During one of the trials, the Petitioners called one witness from Enugu State. The witness averred in his witness statement on oath before the tribunal that he did transmit the result of the election in the area he officiated to the INEC server with a code provided by INEC. But during cross-examination, the witness could not provide the code as he alleged that he left the code in his phone. The witness could not also state the name of the server he sent his result to. As the trials continue, we have seen how the witnesses the Petitioners called were largely unable to substantiate their depositions during cross-examination. One Ambassador Madiel Samaki told the court under cross-examination that he knew Atiku was born on 25 November 1948 in Jada, present-day Adamawa state by Nigerian parents and is therefore a Nigerian by birth. He added that he also attended Provisional Secondary School in Yola, Adamawa State with Atiku in 1961. He however claimed that he was neither aware that Jada in Adamawa State, where Atiku was born, was at any time a part of Northern Cameroon nor that prior to 1919, Cameroon was being administered by Germany. He stated that to the best of his knowledge, Jada was in Northern Nigeria before 1946 and although he was in secondary school in 1961, he was not taught how Northern Cameroon became part of Nigeria. He also admitted not being present when Atiku’s mother gave birth to him.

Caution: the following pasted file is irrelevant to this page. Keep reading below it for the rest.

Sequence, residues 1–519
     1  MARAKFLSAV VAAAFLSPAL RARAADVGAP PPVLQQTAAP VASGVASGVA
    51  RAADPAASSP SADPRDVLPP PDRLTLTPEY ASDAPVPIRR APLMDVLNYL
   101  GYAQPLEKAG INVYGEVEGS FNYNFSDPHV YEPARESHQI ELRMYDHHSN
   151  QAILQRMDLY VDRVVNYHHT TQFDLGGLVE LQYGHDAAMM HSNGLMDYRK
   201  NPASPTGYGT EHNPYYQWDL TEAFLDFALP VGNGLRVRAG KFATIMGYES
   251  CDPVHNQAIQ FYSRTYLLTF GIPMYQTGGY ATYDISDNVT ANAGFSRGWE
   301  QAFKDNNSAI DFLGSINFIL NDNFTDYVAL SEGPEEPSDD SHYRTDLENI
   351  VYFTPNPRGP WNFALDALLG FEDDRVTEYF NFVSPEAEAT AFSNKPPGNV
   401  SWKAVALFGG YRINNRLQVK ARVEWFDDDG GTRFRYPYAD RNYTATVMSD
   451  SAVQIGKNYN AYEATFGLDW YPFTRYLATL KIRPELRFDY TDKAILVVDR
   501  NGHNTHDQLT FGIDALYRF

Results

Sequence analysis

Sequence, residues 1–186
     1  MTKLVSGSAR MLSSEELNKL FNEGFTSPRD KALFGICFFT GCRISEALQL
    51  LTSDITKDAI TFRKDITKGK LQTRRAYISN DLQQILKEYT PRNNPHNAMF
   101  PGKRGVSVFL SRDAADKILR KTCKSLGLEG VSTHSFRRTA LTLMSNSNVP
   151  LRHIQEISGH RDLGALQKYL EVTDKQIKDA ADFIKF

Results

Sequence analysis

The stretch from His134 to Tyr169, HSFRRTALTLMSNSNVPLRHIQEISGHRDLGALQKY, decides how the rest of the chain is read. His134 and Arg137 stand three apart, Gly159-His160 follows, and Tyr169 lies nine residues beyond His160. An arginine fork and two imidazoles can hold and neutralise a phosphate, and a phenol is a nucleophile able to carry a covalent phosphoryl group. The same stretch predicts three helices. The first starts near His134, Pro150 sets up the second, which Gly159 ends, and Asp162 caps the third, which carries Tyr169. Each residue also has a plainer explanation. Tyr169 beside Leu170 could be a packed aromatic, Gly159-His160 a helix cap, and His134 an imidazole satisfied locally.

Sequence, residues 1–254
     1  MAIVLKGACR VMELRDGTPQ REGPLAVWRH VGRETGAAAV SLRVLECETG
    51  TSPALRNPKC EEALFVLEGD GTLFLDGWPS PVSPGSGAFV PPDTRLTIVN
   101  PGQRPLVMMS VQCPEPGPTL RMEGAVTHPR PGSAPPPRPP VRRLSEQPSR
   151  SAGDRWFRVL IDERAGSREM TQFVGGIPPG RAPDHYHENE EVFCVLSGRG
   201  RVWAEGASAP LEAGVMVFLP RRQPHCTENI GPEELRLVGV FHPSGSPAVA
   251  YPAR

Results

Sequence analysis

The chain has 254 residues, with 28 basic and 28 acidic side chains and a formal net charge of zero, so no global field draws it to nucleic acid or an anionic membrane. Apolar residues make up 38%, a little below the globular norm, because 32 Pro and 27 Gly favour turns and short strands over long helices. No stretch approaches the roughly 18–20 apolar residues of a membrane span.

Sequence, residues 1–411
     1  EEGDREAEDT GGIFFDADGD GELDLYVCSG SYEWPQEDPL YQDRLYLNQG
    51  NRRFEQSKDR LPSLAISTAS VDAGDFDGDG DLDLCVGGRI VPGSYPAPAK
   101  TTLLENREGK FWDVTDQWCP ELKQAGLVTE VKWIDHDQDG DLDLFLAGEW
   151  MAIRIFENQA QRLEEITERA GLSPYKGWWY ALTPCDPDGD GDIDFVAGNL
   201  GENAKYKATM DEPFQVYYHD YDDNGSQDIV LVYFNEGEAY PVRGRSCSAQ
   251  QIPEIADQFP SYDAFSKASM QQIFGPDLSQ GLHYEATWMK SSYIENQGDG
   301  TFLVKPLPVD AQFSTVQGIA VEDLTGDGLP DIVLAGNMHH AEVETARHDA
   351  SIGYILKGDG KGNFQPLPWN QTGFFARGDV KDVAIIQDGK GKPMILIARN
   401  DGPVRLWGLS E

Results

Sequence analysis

In a similar testimony, One Mohammed Kabir Kayatu told the court that his deceased father told him that Atiku was born in Nigeria.  Ali testified that a certain INEC Commissioner by name Abubakar Kaura accepted a bribe of Ten Thousand Dollars ($10,000.00) from an APC agent and that he made a verbal report of the incident to the Police about it but had no extract from the Police at the time of his testimony.

Comrade Abubakar Sadiq Abdullahi admitted that there were over 517 Polling Units in his Local Government Area and he visited about 201 of them and spent approximately ten minutes at each one. This would have amounted to a total of thirty-three and half hours, even though he admitted that polling hours were between 8.00am and 5.00pm in most areas.

Mohammed Opaluwa told the court that he got the figures he quoted as the scores of the PDP and APC respectively from “those who voted.” He could not recall the number of registered voters, accredited voters and actual voters in his polling unit.